Trick-or-treating

Think outside

Try to stick with outdoor trick-or-treating in small groups. The virus is much less likely to spread outside than in poorly ventilated indoor spaces. Keeping a safe distance from others outside your household is another good way to reduce risk. Make sure your children know to avoid large groups of kids clustering at doorsteps or anywhere else the goodies are being handed out.

If you give out treats, consider sitting outside and lining up individually prepackaged goodies on a table for children to take. Non-edible treats are a good option, especially for children who suffer from food allergies.

Don’t forget other Halloween safety basics for outdoor trick-or-treating. If your kids will be out after dark, mark their costumes with reflective tape. Remind them to be careful around cars, as drivers may not see them. Also, make sure shoes fit well and costumes are short enough to prevent tripping or contact with flames.

Mask up indoors

If your children do attend an indoor trick-or-treat event or public festivities, be sure everyone wears face masks and observes safe physical distancing. Universal masking indoors continues to be important, since children under 12 years old are not yet eligible for COVID-19 vaccines. There may be a mix of vaccinated and unvaccinated children, teens, and adults at these events, and mask use reduces the risk of transmission of the COVID virus.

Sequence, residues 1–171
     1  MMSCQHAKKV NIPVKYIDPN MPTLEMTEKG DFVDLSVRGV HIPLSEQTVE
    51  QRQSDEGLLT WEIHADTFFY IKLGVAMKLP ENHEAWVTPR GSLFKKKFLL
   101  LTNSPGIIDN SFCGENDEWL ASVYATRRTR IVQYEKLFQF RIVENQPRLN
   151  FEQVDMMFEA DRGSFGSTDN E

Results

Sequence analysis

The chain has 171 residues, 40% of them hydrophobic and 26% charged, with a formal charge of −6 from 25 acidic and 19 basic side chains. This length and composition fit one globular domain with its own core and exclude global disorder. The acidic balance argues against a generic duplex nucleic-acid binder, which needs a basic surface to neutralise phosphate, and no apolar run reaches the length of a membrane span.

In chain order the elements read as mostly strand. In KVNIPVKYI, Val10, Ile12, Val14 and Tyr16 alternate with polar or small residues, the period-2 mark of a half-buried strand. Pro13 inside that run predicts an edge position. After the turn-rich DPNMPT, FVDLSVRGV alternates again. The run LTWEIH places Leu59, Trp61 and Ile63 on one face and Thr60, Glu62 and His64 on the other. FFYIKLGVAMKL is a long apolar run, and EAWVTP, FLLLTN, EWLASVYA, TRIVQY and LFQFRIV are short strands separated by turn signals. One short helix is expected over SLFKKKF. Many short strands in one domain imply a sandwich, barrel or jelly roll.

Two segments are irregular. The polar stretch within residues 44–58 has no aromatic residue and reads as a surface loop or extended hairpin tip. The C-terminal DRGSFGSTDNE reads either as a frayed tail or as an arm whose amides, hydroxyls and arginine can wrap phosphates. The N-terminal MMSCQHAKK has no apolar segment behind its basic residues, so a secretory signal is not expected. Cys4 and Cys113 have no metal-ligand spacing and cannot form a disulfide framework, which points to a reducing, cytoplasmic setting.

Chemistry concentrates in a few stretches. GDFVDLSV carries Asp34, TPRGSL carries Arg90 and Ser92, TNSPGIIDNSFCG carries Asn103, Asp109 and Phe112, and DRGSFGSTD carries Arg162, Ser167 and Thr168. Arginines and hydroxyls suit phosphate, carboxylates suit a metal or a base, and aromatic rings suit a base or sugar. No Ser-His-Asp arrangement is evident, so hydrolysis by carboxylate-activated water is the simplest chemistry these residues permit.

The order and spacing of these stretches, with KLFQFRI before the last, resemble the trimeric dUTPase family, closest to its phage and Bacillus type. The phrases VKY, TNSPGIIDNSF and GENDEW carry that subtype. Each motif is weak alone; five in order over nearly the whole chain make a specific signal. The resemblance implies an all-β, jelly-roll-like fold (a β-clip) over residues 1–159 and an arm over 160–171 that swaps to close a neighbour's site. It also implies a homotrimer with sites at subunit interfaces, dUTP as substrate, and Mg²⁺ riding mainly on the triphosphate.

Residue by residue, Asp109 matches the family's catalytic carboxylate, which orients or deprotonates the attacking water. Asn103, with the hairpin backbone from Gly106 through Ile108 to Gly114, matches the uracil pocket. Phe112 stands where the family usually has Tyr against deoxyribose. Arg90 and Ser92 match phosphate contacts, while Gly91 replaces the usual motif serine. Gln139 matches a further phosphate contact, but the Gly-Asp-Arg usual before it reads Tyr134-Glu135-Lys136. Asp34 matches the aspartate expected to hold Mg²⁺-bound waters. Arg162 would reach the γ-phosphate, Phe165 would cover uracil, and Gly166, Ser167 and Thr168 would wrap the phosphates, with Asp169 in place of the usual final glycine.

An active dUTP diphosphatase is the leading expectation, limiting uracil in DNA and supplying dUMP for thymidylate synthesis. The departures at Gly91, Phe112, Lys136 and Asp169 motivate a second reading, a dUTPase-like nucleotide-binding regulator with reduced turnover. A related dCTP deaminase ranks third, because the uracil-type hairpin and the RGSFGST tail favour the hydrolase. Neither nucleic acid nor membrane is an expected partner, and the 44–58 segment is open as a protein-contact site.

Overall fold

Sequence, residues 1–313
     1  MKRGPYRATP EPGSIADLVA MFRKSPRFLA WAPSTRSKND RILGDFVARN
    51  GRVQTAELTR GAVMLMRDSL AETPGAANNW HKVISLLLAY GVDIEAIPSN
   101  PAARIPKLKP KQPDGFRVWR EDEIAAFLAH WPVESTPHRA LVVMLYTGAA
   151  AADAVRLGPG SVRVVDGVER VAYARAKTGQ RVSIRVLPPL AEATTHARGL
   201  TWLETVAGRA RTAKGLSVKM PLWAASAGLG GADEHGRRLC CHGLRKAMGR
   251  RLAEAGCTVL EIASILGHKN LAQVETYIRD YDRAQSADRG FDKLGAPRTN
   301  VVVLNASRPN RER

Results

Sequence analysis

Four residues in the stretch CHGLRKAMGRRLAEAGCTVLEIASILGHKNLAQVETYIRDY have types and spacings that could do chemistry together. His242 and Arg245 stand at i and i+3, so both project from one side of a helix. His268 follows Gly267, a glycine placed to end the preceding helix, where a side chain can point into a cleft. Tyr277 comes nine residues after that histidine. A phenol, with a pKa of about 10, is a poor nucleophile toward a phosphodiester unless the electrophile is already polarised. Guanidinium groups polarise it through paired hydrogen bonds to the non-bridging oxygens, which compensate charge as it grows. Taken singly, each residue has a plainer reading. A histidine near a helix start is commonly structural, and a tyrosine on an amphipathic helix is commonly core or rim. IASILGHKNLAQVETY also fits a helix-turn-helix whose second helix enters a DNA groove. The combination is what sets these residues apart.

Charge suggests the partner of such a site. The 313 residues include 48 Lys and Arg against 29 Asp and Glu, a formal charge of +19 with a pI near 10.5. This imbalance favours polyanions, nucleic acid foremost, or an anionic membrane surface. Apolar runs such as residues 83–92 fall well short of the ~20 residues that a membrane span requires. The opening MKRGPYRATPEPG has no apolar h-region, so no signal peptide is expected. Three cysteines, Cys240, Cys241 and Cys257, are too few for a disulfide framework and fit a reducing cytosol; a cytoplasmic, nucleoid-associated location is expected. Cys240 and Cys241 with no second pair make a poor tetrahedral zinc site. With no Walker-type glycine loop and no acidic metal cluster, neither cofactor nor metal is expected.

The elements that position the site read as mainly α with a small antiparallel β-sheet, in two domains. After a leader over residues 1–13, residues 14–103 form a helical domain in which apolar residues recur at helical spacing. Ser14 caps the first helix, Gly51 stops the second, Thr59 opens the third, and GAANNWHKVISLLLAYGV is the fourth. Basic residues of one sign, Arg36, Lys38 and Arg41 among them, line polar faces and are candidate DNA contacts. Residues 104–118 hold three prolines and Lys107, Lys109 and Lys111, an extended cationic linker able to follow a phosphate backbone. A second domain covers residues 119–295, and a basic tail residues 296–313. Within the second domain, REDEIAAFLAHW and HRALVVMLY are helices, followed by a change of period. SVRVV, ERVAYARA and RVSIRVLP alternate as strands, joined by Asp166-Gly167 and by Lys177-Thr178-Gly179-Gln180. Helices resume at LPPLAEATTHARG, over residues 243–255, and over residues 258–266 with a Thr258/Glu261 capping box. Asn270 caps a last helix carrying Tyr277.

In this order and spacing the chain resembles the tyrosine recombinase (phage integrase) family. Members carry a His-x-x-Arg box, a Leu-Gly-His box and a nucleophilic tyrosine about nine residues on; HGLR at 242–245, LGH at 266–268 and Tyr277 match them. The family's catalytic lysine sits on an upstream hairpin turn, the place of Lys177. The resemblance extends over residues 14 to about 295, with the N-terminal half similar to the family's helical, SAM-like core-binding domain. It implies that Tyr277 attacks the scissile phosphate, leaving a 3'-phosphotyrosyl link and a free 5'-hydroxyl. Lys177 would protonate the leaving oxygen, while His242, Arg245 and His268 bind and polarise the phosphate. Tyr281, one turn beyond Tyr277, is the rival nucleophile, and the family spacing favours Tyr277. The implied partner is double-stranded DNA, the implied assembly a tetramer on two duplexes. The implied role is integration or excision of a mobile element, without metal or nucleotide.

When children get home with their haul, remind them to wash their hands before eating any treats.

Costume parties, parades & community events

Again, remember that outdoor parades, parties and attractions are safer than indoor public events. Rather than a haunted house, for example, consider a haunted forest or corn maze. Look for programs focused on safe ways to have fun offered by a park district, arboretum, zoo or other outdoor venues in your area. Pumpkin patches and apple orchards are other good options. Just use hand sanitizer before and after touching what you pick.